In the absence of the main rebel group, over 40 opposition groups agreed to a ceasefire ahead of the August 20 talks planned in the Chadian capital of N’Djamena.
Rebel groups accused the interim government representatives of creating a “bad atmosphere” at talks and announcing the August 20 national dialogue without any consultation.
Around 100 people were killed after violence broke out at an informal gold mining site in the mountainous Kouri Bougoudi district, near the border with Libya.
“A combination of violence, insecurity, deep poverty and record-high food prices is exacerbating malnutrition and driving millions to the fringes of survival,” according to the UN.
France supported the African country’s military-ruled government, angering Chadians and opening old wounds of the European country’s past colonial practices.
Police fired tear gas and used water cannon to disperse hundreds of protesters who came out on the streets in capital N'Djamena, accusing the former colonial power of supporting the country's military junta.
The Doha meeting would be a prelude to agreeing on a new constitution and then holding elections in the African nation that was thrown into turmoil last April.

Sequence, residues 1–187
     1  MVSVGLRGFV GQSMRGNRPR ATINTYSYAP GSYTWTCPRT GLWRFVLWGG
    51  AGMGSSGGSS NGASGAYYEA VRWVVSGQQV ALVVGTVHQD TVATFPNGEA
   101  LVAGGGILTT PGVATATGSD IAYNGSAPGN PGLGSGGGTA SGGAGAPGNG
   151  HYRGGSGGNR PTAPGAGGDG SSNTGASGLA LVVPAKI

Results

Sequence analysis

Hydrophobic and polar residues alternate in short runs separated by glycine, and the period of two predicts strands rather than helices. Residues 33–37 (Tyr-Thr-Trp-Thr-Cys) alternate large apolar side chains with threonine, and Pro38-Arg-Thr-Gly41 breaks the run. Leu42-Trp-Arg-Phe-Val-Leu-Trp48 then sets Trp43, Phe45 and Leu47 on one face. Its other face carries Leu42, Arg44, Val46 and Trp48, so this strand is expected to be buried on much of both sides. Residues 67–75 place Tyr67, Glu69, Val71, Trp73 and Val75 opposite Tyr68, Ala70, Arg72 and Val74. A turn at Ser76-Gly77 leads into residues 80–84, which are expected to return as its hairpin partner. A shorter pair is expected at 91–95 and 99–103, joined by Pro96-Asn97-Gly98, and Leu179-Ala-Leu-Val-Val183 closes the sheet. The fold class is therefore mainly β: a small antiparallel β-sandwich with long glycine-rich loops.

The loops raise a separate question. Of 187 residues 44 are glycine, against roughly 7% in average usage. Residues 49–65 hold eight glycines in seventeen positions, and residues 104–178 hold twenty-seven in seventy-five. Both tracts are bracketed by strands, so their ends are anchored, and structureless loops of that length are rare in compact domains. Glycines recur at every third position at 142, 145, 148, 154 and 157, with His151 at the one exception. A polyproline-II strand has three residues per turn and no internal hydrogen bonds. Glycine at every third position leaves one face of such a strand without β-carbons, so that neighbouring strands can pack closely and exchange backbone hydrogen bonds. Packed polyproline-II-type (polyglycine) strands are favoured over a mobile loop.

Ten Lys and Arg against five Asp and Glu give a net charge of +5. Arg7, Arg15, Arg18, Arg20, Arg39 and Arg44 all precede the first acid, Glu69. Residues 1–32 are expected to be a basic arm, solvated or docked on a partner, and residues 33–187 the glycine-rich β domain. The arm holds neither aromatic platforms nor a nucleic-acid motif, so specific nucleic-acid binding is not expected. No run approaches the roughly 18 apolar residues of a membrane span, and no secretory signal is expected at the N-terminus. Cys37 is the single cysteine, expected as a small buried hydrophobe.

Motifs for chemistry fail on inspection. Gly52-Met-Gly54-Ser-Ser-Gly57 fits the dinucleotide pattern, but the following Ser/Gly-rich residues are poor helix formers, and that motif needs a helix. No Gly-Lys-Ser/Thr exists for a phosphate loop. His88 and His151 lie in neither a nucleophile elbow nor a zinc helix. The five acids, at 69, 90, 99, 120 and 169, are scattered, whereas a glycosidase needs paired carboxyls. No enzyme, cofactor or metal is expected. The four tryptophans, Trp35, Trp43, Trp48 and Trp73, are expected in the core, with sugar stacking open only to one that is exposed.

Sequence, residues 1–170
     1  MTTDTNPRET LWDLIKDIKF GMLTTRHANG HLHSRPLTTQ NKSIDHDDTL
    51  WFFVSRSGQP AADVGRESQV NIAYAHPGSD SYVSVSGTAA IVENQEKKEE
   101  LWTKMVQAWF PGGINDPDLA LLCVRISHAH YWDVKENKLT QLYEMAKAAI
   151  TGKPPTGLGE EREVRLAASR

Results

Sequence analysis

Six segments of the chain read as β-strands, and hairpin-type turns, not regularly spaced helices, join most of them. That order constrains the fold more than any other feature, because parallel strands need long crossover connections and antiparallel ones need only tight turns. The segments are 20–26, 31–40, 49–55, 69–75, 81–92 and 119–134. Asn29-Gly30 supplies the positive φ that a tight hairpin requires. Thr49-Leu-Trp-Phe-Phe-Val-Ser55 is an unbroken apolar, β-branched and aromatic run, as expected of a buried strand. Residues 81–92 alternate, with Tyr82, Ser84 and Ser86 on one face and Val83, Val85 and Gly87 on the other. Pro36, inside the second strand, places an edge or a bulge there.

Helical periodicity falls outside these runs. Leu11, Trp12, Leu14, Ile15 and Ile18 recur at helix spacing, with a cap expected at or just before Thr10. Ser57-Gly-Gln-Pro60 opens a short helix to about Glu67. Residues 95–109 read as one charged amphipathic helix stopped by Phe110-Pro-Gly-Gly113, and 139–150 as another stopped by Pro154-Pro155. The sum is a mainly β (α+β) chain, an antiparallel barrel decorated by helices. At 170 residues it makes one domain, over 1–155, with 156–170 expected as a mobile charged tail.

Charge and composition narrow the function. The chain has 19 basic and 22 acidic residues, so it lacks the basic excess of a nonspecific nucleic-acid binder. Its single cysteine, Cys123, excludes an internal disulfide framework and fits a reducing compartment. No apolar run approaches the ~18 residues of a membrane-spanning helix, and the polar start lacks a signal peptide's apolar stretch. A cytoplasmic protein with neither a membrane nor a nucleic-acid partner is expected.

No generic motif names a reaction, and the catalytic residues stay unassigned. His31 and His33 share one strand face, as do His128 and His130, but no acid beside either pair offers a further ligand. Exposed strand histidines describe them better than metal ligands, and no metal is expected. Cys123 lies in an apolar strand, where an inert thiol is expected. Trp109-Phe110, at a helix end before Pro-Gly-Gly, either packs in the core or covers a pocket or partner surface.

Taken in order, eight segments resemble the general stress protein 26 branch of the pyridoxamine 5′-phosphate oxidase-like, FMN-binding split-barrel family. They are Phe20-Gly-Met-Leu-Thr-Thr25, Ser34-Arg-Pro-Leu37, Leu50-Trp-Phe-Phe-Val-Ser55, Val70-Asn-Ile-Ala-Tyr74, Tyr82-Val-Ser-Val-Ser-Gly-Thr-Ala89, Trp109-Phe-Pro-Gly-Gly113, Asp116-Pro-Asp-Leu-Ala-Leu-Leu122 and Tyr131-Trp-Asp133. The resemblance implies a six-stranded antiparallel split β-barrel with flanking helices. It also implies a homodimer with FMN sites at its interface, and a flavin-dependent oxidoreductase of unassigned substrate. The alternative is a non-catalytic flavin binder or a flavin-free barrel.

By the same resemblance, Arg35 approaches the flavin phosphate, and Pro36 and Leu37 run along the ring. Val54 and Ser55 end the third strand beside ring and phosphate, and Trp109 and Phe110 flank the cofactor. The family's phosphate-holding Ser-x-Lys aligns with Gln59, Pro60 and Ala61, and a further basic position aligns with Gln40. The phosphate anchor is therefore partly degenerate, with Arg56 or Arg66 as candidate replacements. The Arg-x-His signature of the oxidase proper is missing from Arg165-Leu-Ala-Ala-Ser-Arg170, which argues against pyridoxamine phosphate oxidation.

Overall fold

The French president is learning yet another hard lesson in foreign policy mere weeks before the April presidential election.
New military leader Paul-Henri Damiba promises normalcy and security to farmers and herders in Africa's Sahel nation, saying he will retake control of those areas dominated by insurgents.
Libya’s upcoming presidential vote - or its absence - could force a U-turn back towards violence, as elections often do in fragile contexts.
The dispute over water resources in northern Cameroon has caused around 80,000 people to flee into Chad since December 5, prompting the host country to call for immediate assistance for new refugees.
The violence poses a significant challenge to Sudan's transitional government, which is seeking to end decades-long rebellions in Darfur and elsewhere in the African country.
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